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FAT 16 - Definition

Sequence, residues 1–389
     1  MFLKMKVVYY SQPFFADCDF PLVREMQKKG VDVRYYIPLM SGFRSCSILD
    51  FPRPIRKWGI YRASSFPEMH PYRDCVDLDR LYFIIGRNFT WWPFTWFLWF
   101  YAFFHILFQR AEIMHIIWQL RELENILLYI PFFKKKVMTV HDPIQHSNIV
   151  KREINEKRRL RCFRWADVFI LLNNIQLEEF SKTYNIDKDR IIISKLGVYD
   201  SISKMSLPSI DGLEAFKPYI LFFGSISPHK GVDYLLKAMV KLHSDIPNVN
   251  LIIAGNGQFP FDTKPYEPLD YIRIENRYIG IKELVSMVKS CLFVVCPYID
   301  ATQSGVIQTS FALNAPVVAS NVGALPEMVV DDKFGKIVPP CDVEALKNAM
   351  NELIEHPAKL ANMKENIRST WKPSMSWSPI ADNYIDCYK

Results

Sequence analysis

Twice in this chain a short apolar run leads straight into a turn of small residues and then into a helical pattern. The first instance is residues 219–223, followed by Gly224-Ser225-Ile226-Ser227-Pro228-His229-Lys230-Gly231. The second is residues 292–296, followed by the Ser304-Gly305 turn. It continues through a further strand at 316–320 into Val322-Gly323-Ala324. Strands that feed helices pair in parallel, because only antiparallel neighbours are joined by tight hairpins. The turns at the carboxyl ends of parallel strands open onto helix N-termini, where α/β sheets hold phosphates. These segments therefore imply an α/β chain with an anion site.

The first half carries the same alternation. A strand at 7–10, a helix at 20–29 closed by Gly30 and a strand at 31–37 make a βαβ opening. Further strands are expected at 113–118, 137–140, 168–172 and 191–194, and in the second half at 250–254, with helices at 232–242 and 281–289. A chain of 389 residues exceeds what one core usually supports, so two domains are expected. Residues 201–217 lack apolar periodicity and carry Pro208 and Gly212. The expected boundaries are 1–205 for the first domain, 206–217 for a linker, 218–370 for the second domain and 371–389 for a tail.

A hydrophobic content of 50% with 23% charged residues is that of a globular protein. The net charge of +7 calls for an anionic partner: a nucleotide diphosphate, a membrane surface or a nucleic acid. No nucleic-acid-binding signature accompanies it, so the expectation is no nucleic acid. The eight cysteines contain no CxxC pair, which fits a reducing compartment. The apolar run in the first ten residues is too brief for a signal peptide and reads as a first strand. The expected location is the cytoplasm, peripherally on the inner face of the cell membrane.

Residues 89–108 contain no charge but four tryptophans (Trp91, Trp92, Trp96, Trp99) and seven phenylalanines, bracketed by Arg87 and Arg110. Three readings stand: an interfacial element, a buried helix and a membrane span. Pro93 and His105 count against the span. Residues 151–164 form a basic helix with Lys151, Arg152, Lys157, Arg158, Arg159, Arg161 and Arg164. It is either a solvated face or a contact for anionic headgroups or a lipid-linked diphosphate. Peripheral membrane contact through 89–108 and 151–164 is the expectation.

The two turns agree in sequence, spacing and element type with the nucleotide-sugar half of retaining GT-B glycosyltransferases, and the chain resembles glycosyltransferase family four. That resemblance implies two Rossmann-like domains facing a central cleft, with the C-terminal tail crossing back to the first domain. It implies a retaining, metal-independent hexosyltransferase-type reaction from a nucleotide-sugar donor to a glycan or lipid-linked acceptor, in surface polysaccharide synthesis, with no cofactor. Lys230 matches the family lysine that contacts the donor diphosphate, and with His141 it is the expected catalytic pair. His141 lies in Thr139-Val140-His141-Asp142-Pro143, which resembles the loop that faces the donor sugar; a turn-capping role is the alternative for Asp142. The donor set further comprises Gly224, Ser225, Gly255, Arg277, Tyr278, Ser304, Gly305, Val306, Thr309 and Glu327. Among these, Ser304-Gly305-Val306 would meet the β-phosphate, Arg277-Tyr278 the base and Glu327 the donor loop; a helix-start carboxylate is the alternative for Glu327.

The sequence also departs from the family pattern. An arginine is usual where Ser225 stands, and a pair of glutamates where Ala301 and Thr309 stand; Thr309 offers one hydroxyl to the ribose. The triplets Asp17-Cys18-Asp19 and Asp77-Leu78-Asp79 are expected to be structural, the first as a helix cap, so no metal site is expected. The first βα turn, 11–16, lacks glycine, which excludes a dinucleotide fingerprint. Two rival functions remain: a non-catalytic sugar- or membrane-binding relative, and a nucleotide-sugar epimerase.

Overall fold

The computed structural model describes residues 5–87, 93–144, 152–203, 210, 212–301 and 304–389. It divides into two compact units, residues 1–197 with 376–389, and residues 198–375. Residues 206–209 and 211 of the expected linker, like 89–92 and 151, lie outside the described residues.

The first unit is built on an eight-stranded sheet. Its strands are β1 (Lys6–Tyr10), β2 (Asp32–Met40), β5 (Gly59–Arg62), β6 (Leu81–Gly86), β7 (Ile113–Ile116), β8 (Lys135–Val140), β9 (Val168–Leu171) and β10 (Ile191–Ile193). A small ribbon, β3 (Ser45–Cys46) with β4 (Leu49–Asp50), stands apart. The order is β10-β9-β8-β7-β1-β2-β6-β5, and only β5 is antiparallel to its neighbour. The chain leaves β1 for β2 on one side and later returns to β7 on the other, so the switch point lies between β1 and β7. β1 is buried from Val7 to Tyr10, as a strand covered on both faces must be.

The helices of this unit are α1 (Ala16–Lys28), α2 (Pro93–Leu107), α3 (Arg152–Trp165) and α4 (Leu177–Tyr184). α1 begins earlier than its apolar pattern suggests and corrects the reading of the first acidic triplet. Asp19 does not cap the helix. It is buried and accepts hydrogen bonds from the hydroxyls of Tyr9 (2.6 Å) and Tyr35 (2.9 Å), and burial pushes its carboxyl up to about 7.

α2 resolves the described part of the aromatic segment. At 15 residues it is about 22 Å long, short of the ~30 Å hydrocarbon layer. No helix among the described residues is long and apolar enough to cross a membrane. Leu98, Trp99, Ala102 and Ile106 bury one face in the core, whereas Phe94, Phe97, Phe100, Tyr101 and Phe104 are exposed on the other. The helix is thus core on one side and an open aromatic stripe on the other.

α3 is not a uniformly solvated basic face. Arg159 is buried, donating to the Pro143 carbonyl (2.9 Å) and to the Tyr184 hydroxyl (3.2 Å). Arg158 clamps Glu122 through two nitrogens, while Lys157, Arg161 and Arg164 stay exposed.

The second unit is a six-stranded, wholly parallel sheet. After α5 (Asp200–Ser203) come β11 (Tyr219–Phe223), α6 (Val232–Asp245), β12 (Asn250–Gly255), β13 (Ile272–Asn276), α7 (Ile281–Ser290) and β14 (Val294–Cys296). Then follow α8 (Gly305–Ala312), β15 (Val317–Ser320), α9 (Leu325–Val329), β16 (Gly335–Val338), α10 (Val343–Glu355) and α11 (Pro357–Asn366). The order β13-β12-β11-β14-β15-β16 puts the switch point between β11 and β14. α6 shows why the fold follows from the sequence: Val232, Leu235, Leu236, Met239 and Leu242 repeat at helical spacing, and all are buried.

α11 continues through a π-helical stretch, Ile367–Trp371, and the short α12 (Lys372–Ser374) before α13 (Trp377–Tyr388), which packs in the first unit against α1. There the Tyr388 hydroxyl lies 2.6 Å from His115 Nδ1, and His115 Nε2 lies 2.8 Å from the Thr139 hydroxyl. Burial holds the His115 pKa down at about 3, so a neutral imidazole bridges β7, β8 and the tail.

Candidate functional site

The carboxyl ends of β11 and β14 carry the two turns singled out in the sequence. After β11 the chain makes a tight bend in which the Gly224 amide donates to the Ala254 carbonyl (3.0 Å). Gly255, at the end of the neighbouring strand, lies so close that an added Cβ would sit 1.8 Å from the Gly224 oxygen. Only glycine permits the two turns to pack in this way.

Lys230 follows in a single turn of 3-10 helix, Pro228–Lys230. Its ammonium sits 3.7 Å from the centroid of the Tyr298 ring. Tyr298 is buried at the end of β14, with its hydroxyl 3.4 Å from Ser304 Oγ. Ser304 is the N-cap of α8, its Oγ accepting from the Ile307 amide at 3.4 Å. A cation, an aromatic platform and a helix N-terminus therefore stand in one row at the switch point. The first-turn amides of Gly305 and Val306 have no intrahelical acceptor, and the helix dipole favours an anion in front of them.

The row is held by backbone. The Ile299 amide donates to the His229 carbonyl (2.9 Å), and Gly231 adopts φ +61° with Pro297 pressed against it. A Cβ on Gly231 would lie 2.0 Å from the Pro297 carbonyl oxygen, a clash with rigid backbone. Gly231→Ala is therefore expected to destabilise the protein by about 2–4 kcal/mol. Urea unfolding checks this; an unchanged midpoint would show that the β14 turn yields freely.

The FAT 16 file system was introduced with MS–DOS and was in use through the first version of Windows 95. It was originally designed to index files on a floppy drive and also on hard drives up to a capacity of 2.1 Gigabytes. Therefore, if you have a 6 GB hard drive you would need to create three individual partitions under FAT 16 to utilize the entire hard drive. In addition, your hard disk is divided into 512-byte pieces called sectors, which are then grouped into larger pieces called clusters. Therefore, the maximum number of clusters that the FAT 16 system can manage is 65,535, and in order to stay within this limit on larger hard disks, the FAT 16 system increases the size of the clusters accordingly. For instance, a 512MB (megabyte) hard disk uses 8KB (kilobyte) clusters, a 850MB hard disk uses 16KB clusters, and a 1.2GB (gigabyte) hard disk uses 32KB clusters and so on. FAT16 was later replaced by the FAT32 file system.

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